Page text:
The Courier News from Blytheville, Arkansas on December 10, 1947 · Page 2
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The Courier News from Blytheville, Arkansas · Page 2

Blytheville, Arkansas
Issue Date:
Wednesday, December 10, 1947
Page 2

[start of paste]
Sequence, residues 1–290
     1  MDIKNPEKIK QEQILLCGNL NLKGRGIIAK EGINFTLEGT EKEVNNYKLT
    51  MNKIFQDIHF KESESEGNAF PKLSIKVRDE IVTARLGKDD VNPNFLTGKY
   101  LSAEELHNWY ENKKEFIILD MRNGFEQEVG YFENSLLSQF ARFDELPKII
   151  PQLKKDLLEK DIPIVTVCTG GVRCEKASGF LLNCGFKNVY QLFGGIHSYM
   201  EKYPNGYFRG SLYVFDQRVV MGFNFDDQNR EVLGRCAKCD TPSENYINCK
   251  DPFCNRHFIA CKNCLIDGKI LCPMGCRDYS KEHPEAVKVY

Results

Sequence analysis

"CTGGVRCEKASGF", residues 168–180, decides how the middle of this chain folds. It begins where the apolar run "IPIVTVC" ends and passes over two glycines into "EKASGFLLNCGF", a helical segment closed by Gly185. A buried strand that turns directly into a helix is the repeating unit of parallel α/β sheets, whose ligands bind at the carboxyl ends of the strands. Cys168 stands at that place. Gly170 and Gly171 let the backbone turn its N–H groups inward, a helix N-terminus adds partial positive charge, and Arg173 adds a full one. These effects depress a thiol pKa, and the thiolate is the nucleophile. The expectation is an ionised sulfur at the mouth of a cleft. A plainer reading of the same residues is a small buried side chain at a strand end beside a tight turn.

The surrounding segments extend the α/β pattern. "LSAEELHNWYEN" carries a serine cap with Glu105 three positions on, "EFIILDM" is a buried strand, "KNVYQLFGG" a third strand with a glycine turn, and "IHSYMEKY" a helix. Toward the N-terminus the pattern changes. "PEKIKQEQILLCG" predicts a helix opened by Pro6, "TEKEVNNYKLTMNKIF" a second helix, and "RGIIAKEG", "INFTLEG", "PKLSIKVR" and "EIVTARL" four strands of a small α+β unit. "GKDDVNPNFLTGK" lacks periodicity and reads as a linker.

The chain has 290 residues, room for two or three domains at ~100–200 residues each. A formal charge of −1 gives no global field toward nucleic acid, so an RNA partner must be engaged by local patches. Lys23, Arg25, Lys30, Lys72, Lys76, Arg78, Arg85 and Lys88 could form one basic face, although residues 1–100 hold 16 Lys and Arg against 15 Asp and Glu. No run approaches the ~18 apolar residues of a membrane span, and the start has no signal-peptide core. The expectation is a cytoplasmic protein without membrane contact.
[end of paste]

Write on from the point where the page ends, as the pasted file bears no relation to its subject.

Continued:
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TWO BLTTKBVILLB (ARK.) COURIER NEWS WEDNESDAY, DECEMBER 10, 1941 Presidenl Works On New Message Congress Soon To Get Dttaili on Scct'y Manholl's Plan By JeJui I, Steele (VnHe* Fit** SUK Correspondent) WASHINGTON, Dee. 10. <UP) — President Truman wa* reported ready 'today to present congress an e*t!mate of $16,000,000,000 for the four-ye*r .Marshall plan for European recovery. Hi* Marshall plan message, expected .to reach congress soon, reportedly will urge an Initial appropriation of something; leu than (7,500,000,000 for the first 15 months of operation. Mr. Truman began putting finishing touches on his message soon after, returning' from his Florida vacation. Administration sources who reported the $16,000,000.000 figure said .Mr. Truman realized It Ttould be, futile to present Congress with any program from which the "maximum water had not been wrung." Previous estimates on the Marshall plan had ranged to $20,000,000000. Holdf Request to Minimum The President's decision to refrain from asking for more than a 15-month first installment also was made with consideration to congressional sentiment. Sen. Walter F. George, D., Ga., and other prominent senators of both parties have said repeatedly that Congress would sliy away from long-range commitments. Tiiey contend Congress must have a chance 10 observe Initial operation of the program before being asXed to put up more money. Informed sources said one point in the President's Marshall plan . v message still was unsettled. This Involved administrative machinery. A strong group In Congress favors setting up a semi-independent government corporation to handle the Job, Secretary of Stale George C. Marshall, however, has cautioned against anything that would weaken hl» department's role In foreign policy finance Plan Worked Out Meanwhile, the Senate appropriations committee was considering a plan' Intended to relieve American taxpayers of some of the burden of the long-rafige aid program. Under the plan, funds woulc be raised through a system of government-insured bond sales, The bonds would be offered t< banks and other private Investors with a portion of the Interest rate- guaranteed by the federal govern ment. The bonds presumably woul< finance specific reconstruction pro jects in Europe, such as dams power )lnes and industrial plants Committee sources said the pla had been given a' generally favor- ' able reception by^such foreign dl- rntomaU MiS^Bntub Ambassador *£oM TnTerflMnn^i** pren«h Ambassador Henrl/BCnnet Committee {Chairman Styles Bridges, -R., K. H., told » reporter that the plan would enable those who strongly favor the program to give it financial backing with an assurance that the government • stood behind at least a partial return on investments. Manslaughter Conviction 's Reversed The Missouri . Supreme Court Monday reverted Mississippi County Former William Webster Convinced Freedom Train Will Teach Us Much RICHMOND, V*., Dee. 10. (UP) — FWmer William Webster' of Oroaitr, V»., looked up »nd down Mo.) Circuit Court decision which sentenced H. H. Burnett of Poplar Bluff to seven years for manslaugh- er and remanded the four-year- old case to the lower court for dis- uissal. Burnett, then a B7-year-old tavern ojierator, was charged with the 'atal shooting of City Marshal Hughey Kitchens at Parma, Mo., April 17, 1W3. The original trial we* held In Charleston, Mississippi County, Mo., on a change of venue from the New Madrid County town In which the shooting occurred. Burnett wa* represented l»y Claude T. Cooper,. Blythevill* MY torney who today received notification from Marlon Splcer, clerk of the Missouri Supreme Court, that his client had been freed by the high tribunal. Found guilty at hi* first trial, Burnett was sentenced to U year* for second degree murder. A new trial was granted on this charge and lie was sentenced to seven \ears for manslaughter. Mr. Cooper then appealed the case to the Missouri Supreme Court. A report of the shooting in the April 20, 1*43, edition of the Courier Hews itated that the law officer was shot In tht kitchen of a cafe operated by Burnett and hl» wl(« when he attempted to arr«tt Burnett's ion dene, then at, on » charge of being disorderly. the fivi-block- line waiting to i the freedom train today. He §»w a brlghtly-unlfortned Marine helping Negro school children aboard the shining car. A black -robed nun gave her-class a last- minute lecture on the Bill of Rights — telling them they would *ee the original document In ft few nun utes. Bobby-soxers fretted and giggled In the line. Ordinary citizens waited. A Chinese stood with his wife and four sons, waiting to see the papers that said they were free Americans, no matter what the color of their skim. William Webster thought hard and deeply, watching the divers* raoe* and ages at American shrine. the traveling "There'll be a lot more Ameri canism among u* when we oome out," he aid. . ' Be looked again at the Netroe*, the Chine**, the nun. He had driven 30 mile* himself to see the relic* marking American liberty. T believe maybe we'll think more of that than of the differences between u*,"-William Webster said. Russia to Drop Rationing MOSCOW, Dec. 10. <UP) — A report by a high Communl»t official that the Soviet government wu taking steps aimed at the abolition of food rationing in Russia before Jan. l wa* published here yesterday. Tht report-was published In the second issue of the Belgrade Corn- Inform Bulletin and made public here yesterday for the flr*t time. Tarnished gold Jewelry c*B he brightened by rubbing lightly with a toothbrush dipped in amonl* and then baking soda. Chattanooga Liquor Dealers Lose Licenses OHATTANCOOA, Term., Deo. 10. CtJP) — Twenty-one Chattanooga liquor dealers had lost their licenses today and were replaced by 21 others by action of.the city commission. The law limits the number of liquor stores to 80, Including 54 retailers and six wholesalers. The commission did not explain its action in refusing to renew II cense of 15 retailers and two wholesalers. Pour other retailers let thel licenses expire without seeking re newal. Ten of ths dealers whose llcen ses were not. renewed previous] had been listed in a commission re pon as .falling to conform to re gulations. Single Cards 5c to $1 Box Assortments 39c to $1 It's not too late to have your name imprinted on Christmas Cards in stock. One-day service on imprinting . . . Prices the best! KIRBY Drug Stores ZELLNER'S Complete Your Picture of HOLIDAY HOSPITALITY! 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